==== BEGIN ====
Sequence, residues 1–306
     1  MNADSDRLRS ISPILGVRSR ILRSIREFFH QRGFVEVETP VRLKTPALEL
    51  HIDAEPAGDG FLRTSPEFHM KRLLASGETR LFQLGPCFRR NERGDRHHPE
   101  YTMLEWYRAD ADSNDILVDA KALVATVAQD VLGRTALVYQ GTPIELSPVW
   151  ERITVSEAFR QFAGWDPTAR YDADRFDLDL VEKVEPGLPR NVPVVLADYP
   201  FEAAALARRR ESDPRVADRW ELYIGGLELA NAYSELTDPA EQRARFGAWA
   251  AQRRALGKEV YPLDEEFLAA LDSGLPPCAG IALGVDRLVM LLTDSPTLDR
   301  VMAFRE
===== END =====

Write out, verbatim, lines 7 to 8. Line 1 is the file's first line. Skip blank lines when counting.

   251  AQRRALGKEV YPLDEEFLAA LDSGLPPCAG IALGVDRLVM LLTDSPTLDR
   301  VMAFRE